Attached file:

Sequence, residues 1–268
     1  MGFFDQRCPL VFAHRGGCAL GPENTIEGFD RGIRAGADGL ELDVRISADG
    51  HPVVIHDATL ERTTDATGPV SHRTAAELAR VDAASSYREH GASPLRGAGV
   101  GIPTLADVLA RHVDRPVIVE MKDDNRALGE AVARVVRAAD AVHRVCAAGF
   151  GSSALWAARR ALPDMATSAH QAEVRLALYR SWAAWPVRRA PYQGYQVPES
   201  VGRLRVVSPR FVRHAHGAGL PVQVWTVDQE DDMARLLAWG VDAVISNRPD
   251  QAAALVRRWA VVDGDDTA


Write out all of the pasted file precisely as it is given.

Sequence, residues 1–268
     1  MGFFDQRCPL VFAHRGGCAL GPENTIEGFD RGIRAGADGL ELDVRISADG
    51  HPVVIHDATL ERTTDATGPV SHRTAAELAR VDAASSYREH GASPLRGAGV
   101  GIPTLADVLA RHVDRPVIVE MKDDNRALGE AVARVVRAAD AVHRVCAAGF
   151  GSSALWAARR ALPDMATSAH QAEVRLALYR SWAAWPVRRA PYQGYQVPES
   201  VGRLRVVSPR FVRHAHGAGL PVQVWTVDQE DDMARLLAWG VDAVISNRPD
   251  QAAALVRRWA VVDGDDTA